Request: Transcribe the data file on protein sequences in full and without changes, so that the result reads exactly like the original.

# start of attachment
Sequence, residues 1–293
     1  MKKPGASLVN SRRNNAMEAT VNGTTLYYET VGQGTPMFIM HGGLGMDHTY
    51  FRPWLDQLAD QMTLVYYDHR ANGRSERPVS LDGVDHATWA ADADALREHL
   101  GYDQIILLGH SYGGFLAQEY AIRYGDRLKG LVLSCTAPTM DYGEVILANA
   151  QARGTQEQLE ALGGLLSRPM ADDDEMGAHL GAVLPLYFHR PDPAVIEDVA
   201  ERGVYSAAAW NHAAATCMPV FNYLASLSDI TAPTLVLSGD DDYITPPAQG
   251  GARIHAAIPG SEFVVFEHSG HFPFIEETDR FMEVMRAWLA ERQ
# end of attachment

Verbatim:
Sequence, residues 1–293
     1  MKKPGASLVN SRRNNAMEAT VNGTTLYYET VGQGTPMFIM HGGLGMDHTY
    51  FRPWLDQLAD QMTLVYYDHR ANGRSERPVS LDGVDHATWA ADADALREHL
   101  GYDQIILLGH SYGGFLAQEY AIRYGDRLKG LVLSCTAPTM DYGEVILANA
   151  QARGTQEQLE ALGGLLSRPM ADDDEMGAHL GAVLPLYFHR PDPAVIEDVA
   201  ERGVYSAAAW NHAAATCMPV FNYLASLSDI TAPTLVLSGD DDYITPPAQG
   251  GARIHAAIPG SEFVVFEHSG HFPFIEETDR FMEVMRAWLA ERQ